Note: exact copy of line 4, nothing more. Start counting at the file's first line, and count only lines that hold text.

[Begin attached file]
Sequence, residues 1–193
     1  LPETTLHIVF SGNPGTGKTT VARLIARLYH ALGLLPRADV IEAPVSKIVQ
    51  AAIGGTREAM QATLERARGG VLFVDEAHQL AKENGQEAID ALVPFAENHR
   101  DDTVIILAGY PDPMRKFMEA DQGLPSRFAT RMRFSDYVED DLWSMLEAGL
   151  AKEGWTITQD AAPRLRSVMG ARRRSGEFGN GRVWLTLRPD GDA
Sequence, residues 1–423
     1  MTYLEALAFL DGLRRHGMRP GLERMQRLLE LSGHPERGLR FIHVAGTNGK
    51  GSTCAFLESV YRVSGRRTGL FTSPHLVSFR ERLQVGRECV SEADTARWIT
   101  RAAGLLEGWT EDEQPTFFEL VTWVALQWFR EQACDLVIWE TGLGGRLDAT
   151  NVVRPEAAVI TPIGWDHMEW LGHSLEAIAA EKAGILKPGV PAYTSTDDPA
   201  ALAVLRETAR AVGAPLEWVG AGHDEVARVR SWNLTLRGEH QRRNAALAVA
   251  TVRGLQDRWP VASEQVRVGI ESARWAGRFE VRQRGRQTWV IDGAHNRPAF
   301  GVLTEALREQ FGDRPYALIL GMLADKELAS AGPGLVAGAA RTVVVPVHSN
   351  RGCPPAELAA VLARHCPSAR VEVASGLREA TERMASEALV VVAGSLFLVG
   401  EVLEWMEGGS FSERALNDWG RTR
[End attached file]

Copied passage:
   101  DDTVIILAGY PDPMRKFMEA DQGLPSRFAT RMRFSDYVED DLWSMLEAGL